Sel and Jen in 2006
Larry with Sel
The first woman I’d seen for a very long time was Nerida at Lady Musgrave Island. She was there for 2 weeks as a watch-keeper along with her husband Ralph. In this Australian National Park, there IS an actual full-time island and retired people are invited to stay and camp for 2 weeks at a time. They orient tourists and campers, make sure paths are cleared and give more information about the island if asked. It’s still very wild and isolated – the boat they were supposed to come out in (a regular tourist craft) had sunk – no loss of life – and the National Park Service had to get them to the island. 

At Noosa beach with Ron and Sarah
We have had a lovely time here meeting with some long-time friends. Sel Parlane (SV Footloose II) came over and we went out for dinner. We met while were in Hobart in 2006 and have managed to stay in touch ever since. Sel lives here now and Jen is over in Nelson NZ so we’ll get to see her again when we go there for Christmas.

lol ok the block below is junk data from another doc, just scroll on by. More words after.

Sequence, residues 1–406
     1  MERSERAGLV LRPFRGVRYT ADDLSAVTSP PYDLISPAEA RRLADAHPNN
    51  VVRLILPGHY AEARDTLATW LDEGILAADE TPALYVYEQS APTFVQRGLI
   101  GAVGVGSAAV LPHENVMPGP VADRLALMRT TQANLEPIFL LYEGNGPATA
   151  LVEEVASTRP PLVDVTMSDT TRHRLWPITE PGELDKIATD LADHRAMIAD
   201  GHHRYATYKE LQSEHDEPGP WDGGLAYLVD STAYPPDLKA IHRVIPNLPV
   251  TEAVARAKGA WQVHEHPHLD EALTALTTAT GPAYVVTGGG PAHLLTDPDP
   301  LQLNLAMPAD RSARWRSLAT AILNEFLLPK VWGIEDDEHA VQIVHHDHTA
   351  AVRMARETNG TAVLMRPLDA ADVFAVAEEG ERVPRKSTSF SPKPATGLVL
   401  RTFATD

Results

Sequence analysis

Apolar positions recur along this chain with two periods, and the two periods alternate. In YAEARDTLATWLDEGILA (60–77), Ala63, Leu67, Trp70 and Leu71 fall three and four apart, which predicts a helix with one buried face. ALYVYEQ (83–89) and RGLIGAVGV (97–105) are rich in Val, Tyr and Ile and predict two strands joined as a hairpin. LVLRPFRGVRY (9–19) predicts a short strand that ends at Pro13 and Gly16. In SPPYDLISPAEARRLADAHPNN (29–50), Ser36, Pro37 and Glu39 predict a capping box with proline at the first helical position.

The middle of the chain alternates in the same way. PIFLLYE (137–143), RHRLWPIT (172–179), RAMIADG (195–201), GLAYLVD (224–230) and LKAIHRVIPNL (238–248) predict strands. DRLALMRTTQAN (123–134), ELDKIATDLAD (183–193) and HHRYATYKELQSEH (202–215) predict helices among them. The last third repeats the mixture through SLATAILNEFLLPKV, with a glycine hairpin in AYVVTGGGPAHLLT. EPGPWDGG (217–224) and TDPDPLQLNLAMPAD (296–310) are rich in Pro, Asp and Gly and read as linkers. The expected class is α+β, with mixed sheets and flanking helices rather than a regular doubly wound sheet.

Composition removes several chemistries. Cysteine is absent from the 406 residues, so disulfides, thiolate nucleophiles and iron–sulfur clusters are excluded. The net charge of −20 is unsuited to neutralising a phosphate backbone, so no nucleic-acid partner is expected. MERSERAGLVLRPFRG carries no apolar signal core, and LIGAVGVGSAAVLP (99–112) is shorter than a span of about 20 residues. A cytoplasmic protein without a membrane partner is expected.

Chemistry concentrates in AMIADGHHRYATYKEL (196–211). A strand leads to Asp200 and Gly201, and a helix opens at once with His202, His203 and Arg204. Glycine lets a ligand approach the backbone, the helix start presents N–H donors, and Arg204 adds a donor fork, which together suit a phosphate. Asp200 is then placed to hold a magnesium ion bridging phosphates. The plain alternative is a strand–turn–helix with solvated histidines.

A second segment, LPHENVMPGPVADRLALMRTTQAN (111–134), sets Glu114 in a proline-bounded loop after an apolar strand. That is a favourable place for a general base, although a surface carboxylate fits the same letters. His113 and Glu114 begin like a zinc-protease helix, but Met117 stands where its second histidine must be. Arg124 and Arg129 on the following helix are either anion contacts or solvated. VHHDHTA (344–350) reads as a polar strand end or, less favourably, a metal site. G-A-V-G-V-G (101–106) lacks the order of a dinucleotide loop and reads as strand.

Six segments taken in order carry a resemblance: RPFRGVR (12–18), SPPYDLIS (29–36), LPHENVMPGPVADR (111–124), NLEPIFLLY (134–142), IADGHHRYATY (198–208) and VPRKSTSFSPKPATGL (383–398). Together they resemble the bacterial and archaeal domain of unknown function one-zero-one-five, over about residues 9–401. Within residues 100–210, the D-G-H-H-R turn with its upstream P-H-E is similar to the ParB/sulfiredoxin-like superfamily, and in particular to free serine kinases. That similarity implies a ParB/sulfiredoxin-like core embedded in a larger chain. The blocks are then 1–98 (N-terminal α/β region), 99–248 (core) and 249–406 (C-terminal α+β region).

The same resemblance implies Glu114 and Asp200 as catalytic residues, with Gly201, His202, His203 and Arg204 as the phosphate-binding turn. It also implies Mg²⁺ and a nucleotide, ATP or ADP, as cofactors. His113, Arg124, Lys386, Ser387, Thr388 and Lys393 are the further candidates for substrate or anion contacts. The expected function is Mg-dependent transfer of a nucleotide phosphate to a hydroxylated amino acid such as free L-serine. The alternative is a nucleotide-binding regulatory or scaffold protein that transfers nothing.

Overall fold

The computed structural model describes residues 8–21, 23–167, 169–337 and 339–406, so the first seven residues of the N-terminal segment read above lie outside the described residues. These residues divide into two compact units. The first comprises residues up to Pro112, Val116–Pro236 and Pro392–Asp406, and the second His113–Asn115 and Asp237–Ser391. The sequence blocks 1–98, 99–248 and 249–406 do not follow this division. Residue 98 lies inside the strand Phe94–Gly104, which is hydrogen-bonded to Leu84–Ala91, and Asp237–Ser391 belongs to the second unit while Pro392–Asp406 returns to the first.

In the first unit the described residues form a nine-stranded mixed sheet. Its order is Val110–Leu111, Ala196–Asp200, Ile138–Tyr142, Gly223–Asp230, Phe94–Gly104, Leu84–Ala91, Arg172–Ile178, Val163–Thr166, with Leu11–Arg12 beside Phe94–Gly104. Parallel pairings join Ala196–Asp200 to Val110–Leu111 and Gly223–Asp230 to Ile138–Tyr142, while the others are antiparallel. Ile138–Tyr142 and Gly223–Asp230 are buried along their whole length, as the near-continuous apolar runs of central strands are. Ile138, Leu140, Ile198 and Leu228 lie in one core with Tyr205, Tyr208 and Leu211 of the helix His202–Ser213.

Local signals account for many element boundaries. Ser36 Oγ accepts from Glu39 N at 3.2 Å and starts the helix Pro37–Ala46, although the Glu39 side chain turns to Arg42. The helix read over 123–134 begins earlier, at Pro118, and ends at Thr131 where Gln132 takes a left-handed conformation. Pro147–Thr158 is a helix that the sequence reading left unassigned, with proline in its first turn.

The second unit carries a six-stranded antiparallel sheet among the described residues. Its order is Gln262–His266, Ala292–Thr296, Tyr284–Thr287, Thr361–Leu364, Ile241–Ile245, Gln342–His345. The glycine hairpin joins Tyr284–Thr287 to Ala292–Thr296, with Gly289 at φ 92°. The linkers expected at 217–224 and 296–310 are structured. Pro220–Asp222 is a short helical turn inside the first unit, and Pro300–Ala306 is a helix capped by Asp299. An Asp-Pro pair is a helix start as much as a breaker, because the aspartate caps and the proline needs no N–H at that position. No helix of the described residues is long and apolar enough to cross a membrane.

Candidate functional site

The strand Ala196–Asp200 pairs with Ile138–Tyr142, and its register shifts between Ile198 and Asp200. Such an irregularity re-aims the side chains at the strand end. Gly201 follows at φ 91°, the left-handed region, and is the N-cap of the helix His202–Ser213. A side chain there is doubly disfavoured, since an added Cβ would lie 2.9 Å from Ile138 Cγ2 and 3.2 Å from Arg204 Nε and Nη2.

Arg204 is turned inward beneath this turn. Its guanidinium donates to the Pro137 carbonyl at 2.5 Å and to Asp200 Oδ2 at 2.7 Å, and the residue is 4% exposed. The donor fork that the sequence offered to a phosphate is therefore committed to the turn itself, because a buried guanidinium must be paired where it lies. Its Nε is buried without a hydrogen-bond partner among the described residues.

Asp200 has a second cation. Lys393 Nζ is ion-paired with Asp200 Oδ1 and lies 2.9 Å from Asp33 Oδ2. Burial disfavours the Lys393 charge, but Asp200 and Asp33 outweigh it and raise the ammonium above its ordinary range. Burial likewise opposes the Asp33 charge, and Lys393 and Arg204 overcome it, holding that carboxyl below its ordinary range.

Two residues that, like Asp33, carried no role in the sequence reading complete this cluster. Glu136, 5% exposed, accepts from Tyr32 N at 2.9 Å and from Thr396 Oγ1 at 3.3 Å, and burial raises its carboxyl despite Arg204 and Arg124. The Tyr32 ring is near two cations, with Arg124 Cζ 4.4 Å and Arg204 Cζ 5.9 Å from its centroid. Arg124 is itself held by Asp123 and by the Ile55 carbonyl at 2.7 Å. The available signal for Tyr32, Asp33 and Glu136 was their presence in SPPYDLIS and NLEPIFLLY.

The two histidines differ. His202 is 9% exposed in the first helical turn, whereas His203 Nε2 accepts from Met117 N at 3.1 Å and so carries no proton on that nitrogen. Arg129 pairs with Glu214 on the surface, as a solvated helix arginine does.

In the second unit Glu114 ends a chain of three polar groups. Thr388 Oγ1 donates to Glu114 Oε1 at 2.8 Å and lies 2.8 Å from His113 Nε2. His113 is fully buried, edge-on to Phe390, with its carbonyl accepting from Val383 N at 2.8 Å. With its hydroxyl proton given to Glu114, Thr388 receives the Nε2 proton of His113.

With Ron and Sarah in 2006

We just arrived home yesterday from a wonderful two nights ashore with friends Ron Koyich and Sarah Benecke. They live in what is (to us) an amazingly palatial and beautiful home in Noosa (north along the coast from here). We were so spoiled by the two of them that we feel quite unable to get back into our OWN lives. We had a lovely dinner (including a scallop appetizer) and I was served poached eggs for breakfast! I enjoyed wandering around and looking at elegant clothes in the shops on my own. Ron (who was at the University of Alberta with Larry) drove us up to the Timbeerwah Lookout from which you can see the whole coast. We then headed out to look for kangaroos in a spot Ron knows about, but with no success.
Visiting Ron and Sarah's home 
Bev and one of the braces